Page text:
Recent research (Castano & Giner-Sorolla, 2006; Leidner, Castano, Giner-Sorolla, & Zaiser, in press) on moral disengagement from ingroup-committed atrocities raises the question whether people suspend morality altogether or whether they stick to morality, yet without judging the ingroup’s actions as immoral. I propose morality shifting as a useful conceptual tool and actual psychological mechanism. It occurs when individuals shift from one system of morality to another, to preserve their image of themselves as moral beings. My model integrates morality, group processes, and social identity literature. Literature on morality indicates that individuals can follow various morality principles, the most universally endorsed principle in Western cultures being that of harm and fairness. Group processes and social identity literature argue that part of one’s identity is derived from membership in social groups. Thus, learning about immoral actions carried out by ingroup members constitutes a threat to the self. This threat causes a shift from harm/fairness to ingroup/loyalty principles, which focus on what is good for the ingroup, as opposed to what is fair. Such a shift, then, has detrimental effects on intergroup relations. Two experiments investigated morality shifting in the context of intergroup violence. I predicted that only ingroup violence threatens people’s identity, so they shift their morals away from harm and fairness, allowing for the judgment “not immoral” and identity protection. In Study 1 (N = 140), participants read about atrocities committed by either an ingroup or an outgroup and then completed, in an allegedly unrelated study, the Moral Foundation Questionnaire (Haidt & Graham, 2007). It was found that both harm and fairness were rated as less important and relevant than loyalty and authority in the ingroup-perpetrator as compared to the outgroup-perpetrator condition. The reverse was true for loyalty. Study 2 (N = 40) was a conceptual replication of Study 1, but using an implicit measure of concept accessibility (Lexical Decision Task). It was found that loyalty and authority were more accessible in the ingroup-perpetrator as compared to the outgroup-perpetrator condition, while the reverse was true for harm and fairness. This research demonstrates that people engage in morality shifting under identity threat.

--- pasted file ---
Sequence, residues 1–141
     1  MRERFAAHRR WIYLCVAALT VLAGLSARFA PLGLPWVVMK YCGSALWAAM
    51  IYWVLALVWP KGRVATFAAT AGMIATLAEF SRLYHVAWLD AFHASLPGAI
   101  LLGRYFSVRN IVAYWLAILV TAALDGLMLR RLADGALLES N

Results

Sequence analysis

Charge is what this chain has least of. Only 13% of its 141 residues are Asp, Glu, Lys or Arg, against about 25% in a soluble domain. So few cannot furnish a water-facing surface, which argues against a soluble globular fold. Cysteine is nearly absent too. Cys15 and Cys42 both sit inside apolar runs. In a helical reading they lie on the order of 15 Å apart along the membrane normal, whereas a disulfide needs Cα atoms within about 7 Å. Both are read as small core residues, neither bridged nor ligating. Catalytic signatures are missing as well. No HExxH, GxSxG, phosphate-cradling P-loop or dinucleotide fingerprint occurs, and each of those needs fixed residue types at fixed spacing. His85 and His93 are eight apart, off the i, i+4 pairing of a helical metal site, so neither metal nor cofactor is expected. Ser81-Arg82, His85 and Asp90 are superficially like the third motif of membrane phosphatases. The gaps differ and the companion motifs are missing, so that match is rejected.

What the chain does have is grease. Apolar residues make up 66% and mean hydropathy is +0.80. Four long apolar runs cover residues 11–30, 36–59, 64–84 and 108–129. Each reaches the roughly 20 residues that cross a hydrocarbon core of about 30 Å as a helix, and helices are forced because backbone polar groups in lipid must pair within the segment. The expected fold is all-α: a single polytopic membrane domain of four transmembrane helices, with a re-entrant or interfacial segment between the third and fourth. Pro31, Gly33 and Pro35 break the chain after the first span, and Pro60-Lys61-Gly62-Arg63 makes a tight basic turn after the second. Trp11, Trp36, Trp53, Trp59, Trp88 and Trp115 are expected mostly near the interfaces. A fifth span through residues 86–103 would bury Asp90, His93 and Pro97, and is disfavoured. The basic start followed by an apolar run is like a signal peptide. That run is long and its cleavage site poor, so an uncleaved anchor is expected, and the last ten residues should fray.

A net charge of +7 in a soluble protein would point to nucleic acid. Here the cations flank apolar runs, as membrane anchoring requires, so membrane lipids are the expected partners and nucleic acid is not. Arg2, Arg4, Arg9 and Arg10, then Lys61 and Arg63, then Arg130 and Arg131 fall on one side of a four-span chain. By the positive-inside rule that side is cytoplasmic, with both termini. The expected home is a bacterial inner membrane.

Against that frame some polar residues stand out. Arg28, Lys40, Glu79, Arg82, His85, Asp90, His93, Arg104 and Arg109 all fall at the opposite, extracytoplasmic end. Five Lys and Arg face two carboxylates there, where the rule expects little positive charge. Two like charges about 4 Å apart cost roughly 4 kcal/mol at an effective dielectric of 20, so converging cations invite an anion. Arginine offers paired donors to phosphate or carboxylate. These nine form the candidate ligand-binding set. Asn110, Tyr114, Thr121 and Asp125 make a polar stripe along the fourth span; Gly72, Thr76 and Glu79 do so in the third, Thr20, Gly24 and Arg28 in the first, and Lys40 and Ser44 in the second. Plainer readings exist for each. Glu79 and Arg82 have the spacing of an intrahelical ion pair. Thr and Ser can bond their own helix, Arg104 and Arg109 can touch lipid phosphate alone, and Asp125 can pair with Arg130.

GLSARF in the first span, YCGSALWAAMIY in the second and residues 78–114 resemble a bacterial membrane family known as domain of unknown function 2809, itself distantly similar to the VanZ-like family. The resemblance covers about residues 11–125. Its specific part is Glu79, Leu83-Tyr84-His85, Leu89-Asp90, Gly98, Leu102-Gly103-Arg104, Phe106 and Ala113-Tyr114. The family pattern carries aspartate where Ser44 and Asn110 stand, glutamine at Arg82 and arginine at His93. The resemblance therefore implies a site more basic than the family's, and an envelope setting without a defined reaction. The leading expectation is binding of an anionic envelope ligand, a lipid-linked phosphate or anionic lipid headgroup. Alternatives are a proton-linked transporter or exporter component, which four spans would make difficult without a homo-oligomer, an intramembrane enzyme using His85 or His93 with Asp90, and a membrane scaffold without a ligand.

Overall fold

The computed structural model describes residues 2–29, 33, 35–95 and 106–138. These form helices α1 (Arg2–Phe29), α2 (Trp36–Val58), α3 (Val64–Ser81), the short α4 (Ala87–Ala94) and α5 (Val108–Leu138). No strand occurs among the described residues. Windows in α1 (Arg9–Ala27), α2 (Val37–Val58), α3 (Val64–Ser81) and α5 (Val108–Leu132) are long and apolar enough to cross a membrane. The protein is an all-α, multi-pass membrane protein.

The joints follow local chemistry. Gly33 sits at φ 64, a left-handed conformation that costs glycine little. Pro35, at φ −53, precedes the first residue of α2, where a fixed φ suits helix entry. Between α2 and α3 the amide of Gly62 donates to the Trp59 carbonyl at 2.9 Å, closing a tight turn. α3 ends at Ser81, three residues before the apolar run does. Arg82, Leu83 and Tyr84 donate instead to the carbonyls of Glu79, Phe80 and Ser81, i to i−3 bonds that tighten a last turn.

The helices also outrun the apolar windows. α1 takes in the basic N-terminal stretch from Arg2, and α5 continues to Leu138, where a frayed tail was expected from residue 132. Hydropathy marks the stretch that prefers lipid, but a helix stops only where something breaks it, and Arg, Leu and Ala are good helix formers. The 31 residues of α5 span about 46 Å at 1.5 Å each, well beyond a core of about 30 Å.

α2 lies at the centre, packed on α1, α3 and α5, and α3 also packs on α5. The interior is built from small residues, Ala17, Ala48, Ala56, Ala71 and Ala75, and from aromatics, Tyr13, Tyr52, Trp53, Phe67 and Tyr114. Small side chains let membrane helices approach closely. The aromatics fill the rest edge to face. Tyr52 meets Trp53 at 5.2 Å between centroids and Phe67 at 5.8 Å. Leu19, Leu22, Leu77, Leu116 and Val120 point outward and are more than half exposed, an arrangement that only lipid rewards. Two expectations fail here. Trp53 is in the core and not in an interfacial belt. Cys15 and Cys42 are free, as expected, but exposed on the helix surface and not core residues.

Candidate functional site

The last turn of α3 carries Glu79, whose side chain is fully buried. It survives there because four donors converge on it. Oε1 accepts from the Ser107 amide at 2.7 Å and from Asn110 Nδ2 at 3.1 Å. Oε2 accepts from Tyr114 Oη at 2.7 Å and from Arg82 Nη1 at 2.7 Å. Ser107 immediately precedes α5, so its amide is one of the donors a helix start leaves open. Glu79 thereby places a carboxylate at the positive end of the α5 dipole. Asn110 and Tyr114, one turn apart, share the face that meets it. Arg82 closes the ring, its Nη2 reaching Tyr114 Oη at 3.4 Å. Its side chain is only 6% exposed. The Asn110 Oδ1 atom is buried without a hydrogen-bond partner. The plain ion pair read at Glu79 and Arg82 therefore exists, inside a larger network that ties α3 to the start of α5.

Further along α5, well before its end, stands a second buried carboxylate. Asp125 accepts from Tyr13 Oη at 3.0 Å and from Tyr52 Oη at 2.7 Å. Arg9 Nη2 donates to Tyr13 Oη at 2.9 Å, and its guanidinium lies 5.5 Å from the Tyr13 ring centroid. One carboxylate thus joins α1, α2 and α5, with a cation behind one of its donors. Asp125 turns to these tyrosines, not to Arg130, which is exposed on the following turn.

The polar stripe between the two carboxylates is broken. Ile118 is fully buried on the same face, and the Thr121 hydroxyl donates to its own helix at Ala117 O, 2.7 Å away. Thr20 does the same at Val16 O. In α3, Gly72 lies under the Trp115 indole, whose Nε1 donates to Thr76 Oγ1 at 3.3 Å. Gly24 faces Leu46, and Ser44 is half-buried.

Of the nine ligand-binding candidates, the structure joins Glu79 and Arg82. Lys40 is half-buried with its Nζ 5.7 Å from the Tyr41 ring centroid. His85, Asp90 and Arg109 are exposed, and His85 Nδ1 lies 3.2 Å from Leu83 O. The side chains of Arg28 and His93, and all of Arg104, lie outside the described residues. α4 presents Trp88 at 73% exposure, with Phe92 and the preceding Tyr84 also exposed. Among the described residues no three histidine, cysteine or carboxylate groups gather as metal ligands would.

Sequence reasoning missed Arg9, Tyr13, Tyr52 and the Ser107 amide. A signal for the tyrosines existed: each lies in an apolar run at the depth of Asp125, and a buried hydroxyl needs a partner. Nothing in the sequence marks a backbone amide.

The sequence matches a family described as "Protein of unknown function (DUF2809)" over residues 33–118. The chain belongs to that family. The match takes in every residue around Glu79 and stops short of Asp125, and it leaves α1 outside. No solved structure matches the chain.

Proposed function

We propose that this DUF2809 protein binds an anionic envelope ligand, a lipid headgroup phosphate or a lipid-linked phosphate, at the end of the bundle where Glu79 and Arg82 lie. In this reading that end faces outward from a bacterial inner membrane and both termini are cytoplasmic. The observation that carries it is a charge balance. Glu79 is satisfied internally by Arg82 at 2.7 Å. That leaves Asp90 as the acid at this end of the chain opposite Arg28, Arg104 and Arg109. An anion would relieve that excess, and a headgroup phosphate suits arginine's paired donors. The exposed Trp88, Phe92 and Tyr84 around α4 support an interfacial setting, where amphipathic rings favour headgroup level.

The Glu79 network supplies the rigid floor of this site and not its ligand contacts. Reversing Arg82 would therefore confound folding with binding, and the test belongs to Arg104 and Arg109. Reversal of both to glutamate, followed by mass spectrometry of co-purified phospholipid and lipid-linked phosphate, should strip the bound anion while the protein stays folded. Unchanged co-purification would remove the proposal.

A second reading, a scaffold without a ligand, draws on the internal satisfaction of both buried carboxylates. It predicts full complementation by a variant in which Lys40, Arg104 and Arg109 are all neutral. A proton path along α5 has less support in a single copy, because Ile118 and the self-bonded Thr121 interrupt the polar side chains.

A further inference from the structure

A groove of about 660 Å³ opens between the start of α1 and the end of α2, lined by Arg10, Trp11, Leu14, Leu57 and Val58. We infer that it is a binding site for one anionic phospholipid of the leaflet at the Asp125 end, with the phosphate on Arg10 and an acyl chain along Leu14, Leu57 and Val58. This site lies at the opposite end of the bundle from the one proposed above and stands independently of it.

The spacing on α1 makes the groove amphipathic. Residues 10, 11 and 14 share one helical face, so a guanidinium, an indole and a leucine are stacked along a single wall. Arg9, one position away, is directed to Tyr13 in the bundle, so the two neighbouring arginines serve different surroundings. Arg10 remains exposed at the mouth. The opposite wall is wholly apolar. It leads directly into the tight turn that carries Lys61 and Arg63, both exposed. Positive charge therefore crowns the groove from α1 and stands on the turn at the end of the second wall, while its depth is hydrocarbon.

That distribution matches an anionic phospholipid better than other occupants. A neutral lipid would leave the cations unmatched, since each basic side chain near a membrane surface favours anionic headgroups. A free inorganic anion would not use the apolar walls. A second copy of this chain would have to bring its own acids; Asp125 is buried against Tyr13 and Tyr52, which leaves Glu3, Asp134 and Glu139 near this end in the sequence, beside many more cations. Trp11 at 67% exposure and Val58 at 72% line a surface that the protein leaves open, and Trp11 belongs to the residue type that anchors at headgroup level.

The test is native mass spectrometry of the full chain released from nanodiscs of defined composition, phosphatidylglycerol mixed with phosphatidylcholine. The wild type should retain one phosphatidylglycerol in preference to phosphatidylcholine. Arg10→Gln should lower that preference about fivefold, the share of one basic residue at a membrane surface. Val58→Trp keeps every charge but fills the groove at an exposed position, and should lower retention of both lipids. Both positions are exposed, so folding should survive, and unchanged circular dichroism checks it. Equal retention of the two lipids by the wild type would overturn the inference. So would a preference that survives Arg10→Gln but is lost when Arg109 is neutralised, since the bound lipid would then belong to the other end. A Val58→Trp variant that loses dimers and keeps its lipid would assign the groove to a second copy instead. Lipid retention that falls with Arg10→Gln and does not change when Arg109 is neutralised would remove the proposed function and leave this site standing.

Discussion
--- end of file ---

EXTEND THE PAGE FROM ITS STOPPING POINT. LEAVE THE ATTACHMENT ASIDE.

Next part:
Keywords. morality; morality shifting; moral disengagement; intergroup processes.
|Commitee:||Ginges, Jeremy, Hirst, William, Sherman, Rachel|
|School:||New School University|
|School Location:||United States -- New York|
|Source:||DAI-B 71/06, Dissertation Abstracts International|
|Subjects:||Social psychology, International Relations, Experimental psychology|
|Keywords:||Intergroup processes, Moral disengagement, Morality, Morality shifting|
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